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REMARKS ON A PERSIAN LEGEND IN ATHENÆUS. late number of the Gentle- thus, deeply loving each other from the

vizine, I gave some remarks image in the dream. Now Odatis was medge in the “ Various Ilistory” the fairest of all the women in Asia, and ..), which appeared to throw

Zariadres too was fair; but on his asking misting light on a part of the

her in marriage of her father, Omartes in literature of Persia, as pre

would not consent, as he had no other la the national epic, or Shah

child but this one daughter, and he

wished to marry her to some one of his In this long poem, as I there

own people, that she might be ever near preserved, as in a mausoleum, him. And not long afterwards, Omartes e nation knows of its ancient summoned all the noblemen of his kingdom, mnd, though many circum- and all his friends and relations, and made live conspired to corrupt the a marriage feast, but he told no one who f these traditions, and the it was that was to marry his daughter.

tme and barbarism, as wellAnd at length when the feast was at its cial vanity, have mutilated height, he called Odatis into the hall, and ned many of their original said to hier in the hearing of all the guests, :16, we may still continually

() my daughter Odatis, we are now t of the ancient features, and

making thy marriage feast; look round

therefore on the guests and view them all, ly restore them. The Greek

and take a golden cup and fill it, and give ve left us so much valuable it to him whom thou wilt choose as thy

to assist us in our labours, husband; for his wife shalt thou be.' task of partially separating And she then, looking round upon all, from the mass of fiction, is walked slowly away, longing to see her considerably easier; and if Zariadres. For she had previously sent y of Ctesias had been pre a message to him, how that her marriage tead of its meagre epitome was about to be solemnized. And he , perhaps we might have

happened at the time to be encamped by all the truth which the

the Tanais, and immediately on bearing i preserves in its stories.

it, he left the army secretly, and set out

with his charioteer; and after driving hard t of this, however, it is inlay hold of all the means

over more than 800 stadia, he reached the

city by night; and on drawing near to the l', and the following ex- place where the revel was held, he left his

Athenæus is one which, attendant with the chariot hard by, and Vis hitherto never been marched boldly in, having put on a obably most of the Shah- Scythian dress. And on his entering the

ds might be identified hall, he bebeld Odatis standing by the in a similar manner, if cup-board (TOŪ kvdikelov), and weeping | 113 more of the Greek bitterly, as she slowly filled the cup; and ia.

standing close by her, he said in a low ath book of his “ Dein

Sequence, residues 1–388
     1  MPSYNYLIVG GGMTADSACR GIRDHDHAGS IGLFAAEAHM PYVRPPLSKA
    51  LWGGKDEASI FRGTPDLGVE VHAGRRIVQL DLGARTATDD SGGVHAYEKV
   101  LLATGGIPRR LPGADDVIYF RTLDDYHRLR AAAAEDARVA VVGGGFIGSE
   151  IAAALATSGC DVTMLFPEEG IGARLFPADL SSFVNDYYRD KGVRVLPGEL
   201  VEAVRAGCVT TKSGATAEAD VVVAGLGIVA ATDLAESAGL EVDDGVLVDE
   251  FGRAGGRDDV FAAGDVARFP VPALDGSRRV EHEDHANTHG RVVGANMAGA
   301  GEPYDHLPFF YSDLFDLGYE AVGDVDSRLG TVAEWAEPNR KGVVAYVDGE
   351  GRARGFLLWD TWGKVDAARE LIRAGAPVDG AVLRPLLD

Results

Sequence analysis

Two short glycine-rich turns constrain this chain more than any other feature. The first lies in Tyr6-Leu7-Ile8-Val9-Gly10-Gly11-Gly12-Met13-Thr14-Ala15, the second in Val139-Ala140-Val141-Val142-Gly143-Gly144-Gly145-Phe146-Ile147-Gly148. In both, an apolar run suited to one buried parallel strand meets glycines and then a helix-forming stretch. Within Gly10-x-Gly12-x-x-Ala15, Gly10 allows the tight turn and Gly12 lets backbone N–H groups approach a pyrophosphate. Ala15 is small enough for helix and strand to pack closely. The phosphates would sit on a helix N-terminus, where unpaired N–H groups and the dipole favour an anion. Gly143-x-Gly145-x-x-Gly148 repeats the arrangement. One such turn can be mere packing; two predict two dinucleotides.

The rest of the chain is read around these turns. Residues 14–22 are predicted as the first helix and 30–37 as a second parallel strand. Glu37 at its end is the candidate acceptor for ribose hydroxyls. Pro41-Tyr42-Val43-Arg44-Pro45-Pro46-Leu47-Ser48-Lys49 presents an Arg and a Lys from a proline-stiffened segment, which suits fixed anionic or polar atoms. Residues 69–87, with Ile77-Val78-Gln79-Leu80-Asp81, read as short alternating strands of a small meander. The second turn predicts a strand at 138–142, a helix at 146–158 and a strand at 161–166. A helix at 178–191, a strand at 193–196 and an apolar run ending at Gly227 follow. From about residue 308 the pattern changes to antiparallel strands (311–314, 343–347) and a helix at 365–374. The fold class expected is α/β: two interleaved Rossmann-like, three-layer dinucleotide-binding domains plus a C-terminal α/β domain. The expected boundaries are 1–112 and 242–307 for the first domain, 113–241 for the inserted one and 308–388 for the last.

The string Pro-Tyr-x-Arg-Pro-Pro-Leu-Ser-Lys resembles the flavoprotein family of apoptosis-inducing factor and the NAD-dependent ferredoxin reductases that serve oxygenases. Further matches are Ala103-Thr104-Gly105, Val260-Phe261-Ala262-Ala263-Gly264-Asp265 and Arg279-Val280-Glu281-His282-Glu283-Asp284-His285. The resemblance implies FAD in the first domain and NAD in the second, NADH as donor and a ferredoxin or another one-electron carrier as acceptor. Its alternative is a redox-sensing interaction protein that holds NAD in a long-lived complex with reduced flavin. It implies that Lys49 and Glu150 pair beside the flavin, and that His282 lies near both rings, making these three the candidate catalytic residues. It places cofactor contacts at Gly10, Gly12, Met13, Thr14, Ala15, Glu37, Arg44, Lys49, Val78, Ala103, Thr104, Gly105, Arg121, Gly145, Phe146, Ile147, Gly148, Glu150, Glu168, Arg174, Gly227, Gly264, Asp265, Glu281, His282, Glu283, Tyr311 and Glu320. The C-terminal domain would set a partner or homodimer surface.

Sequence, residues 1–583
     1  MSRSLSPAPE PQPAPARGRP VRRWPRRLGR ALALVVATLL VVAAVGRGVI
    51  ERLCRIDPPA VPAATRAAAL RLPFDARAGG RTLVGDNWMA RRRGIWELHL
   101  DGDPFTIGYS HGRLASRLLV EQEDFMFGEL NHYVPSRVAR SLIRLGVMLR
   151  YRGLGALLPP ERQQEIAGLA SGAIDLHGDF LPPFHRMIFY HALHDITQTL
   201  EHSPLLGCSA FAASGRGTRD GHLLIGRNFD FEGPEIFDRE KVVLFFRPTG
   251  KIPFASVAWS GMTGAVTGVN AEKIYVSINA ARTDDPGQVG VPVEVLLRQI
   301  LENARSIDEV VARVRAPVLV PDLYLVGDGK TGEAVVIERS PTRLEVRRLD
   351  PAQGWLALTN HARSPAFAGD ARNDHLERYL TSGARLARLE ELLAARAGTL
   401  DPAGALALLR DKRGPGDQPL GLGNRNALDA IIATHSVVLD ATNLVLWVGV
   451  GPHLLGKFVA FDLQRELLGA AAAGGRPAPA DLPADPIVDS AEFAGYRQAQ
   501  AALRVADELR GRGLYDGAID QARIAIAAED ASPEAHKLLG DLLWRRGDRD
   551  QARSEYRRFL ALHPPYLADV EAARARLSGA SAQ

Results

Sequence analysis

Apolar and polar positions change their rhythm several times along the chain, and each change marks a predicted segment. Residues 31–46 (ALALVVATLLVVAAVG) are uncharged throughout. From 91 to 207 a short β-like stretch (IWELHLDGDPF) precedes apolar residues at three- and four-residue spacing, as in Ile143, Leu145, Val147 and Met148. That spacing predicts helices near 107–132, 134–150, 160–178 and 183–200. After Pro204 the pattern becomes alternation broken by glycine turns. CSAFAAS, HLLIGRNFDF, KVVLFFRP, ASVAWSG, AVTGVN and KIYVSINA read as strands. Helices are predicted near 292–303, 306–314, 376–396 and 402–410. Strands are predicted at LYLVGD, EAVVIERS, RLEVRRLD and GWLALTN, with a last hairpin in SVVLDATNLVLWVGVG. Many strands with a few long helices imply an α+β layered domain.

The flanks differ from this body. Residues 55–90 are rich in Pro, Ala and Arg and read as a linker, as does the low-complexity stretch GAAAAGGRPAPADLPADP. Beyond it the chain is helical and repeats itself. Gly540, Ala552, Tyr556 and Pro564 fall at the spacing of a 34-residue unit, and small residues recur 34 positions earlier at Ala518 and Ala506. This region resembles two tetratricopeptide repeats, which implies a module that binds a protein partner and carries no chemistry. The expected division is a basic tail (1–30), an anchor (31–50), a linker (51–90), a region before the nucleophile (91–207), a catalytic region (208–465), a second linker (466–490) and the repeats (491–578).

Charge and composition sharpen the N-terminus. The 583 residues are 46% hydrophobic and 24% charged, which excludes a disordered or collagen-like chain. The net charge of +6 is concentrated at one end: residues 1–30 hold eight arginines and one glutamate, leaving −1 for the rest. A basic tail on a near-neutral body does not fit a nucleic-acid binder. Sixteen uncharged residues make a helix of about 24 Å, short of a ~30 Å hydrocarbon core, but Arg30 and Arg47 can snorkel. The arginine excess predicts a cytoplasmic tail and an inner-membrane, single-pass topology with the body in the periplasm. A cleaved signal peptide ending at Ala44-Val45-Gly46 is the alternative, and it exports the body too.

voice, 0 Odatis, I am come as thou enaus relates the fol

badest,-1, thy Zariadres.' And she, turnwill the twelfth book of

ing round and beholding the fair stranger,

so like him whom she had seen in her te's history of Alex dream, joyfully put the cup into his hand,

and he, seizing her in his arms, bore her * the younger brother of away to his chariot, and fled. And the wth were fair ; and the

servants and handmaidens, who knew of * the people was that

their love, stood silent, and when the of Venus and Adopis.

father ordered them to speak, they said · over Media, and the

that they knew not whither she was gone. . and Zaria res over the

And this their love is known amongst all Caspian gates as far as

the dwellers in Asia, and greatly indeed Omartes, the king of

do they prize it, and they sculpture it on Itse beyond the Tauais,

their temples and palaces, aye and even med Odatis, and the

in their own private houses; and many of e once saw Zariadres

the nobles call their daughters Odatis, fell in love with him : after her."

* also happened unto It would bave been sad, if a legend he time they continued so universally known as Chares states UL. XXVIII.

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Inscription in the Chapel at Hierna

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Engraved Token in copper.

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INSCRIPTION IN THE CHAPEL AT ALVERNA.

(With a Plate.) MR. URBAN,

wife of the emperor Charlemagne, who IN your Magazine for Oct. 1835 is died in the year 794, which is arranged engraved a sepulchral inscription, now

in a similar manner. preserved at Lacock Abbey, in Wilt On visiting the chapel of the Stig, shire, but removed from Monkton mata at Alverna, in the Casentino,--Farley, in the same county, which is

Nel crudo Sasso intra Tevere ed Arno very remarkable for the manner in

Da Cristo prese l'ultimo sigillo, which it is abbreviated by many letters Che le sue membra du' anni portarno. being inclosed within others. Its date